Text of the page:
Fairfax Financial Holdings Ltd. (TSX:FFH) has acquired 75% of Sporting Life, a privately owned sporting goods retailer with four stores in Ontario, including its flagship location in midtown Toronto.
Fairfax, which is primarily in the property and casualty insurance business, has been diversifying into other industries as well through a number of acquisitions.
Prem Watsa, the founder, chairman and chief executive of Fairfax, said late Thursday his company looks forward to being partners with Sporting Life founders Brian McGrath and Patti and David Russell.
“Today’s acquisition is consistent with our ongoing interest in acquiring strong, established franchises from entrepreneurial founders who want to find a long-term home for their business,” Watsa said in a statement.
Watsa made a similar comment in August when Fairfax bought the William Ashley China business from the family that operated it for more than 50 years.
Terms of the two purchases weren’t disclosed.
Earlier in the day, Fairfax got court approval for its purchase of publicly traded Prime Restaurants Inc. (TSX:EAT) in a $71 million deal that trumped an earlier agreement for Prime to be acquired by Cara Operations.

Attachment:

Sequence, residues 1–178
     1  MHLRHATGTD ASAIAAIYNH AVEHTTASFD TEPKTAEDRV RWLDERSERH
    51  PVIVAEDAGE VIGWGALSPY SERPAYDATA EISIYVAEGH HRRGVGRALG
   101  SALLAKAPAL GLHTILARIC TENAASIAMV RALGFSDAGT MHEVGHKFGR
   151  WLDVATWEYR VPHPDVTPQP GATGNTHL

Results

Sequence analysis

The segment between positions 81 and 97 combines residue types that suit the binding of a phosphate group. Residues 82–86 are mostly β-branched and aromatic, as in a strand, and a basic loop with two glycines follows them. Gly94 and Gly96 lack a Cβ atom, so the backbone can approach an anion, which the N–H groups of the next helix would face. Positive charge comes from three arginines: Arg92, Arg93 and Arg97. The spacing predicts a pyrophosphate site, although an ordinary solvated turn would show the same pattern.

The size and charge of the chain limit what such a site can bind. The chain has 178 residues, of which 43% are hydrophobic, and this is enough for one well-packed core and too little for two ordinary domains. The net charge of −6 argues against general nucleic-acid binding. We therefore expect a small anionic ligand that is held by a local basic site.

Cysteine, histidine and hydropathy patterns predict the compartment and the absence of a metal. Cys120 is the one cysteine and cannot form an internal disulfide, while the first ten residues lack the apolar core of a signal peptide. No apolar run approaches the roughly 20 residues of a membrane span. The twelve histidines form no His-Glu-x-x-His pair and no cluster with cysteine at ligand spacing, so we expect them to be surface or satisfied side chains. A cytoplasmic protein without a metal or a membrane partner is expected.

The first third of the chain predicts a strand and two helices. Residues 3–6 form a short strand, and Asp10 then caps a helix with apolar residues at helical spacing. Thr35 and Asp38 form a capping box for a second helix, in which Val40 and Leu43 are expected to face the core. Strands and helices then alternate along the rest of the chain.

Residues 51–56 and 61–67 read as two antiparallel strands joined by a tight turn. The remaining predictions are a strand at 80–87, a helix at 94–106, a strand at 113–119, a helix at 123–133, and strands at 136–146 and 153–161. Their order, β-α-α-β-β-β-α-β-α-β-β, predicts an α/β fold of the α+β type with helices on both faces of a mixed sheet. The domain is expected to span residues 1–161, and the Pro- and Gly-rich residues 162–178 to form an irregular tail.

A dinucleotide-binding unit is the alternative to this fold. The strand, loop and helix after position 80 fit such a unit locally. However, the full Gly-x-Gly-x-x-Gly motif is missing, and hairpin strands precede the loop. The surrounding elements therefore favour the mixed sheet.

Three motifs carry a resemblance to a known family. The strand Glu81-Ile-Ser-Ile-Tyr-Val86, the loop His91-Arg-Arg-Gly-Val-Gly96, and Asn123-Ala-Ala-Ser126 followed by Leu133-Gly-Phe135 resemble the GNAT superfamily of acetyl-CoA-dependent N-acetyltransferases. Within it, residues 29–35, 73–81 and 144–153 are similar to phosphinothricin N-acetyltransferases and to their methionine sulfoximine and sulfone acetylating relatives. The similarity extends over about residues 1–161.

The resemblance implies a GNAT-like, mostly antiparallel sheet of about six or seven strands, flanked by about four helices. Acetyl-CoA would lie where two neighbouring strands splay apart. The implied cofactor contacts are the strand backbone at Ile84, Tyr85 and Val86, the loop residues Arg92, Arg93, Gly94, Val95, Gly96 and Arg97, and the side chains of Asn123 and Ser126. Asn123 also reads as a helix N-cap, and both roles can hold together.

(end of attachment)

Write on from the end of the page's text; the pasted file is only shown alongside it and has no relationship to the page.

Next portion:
Watsa said after Fairfax surprised many by bidding for the owner of the East Side Mario’s and Casey’s chains and other restaurants, that his company was looking for “long-term businesses with iconic brands and experienced management.”
Fairfax is the largest shareholder of two well-known Montreal-based forestry companies — newsprint company AbitibiBowater and pulp producer Fibrek — who are both locked in a hostile takeover bid.
Sporting Life is a relatively small chain with three stores in Toronto and one in Collingwood, Ont.
Fairfax is a property and casualty insurer and reinsurer with big U.S. operations and a money manager that has proved successful with a value investing approach — buying and building companies into more valuable investments.
Fairfax was one of the few multinational financial companies to escape the 2008-2009 recession that was sparked by the credit crisis that battered banks and many insurers south of the border.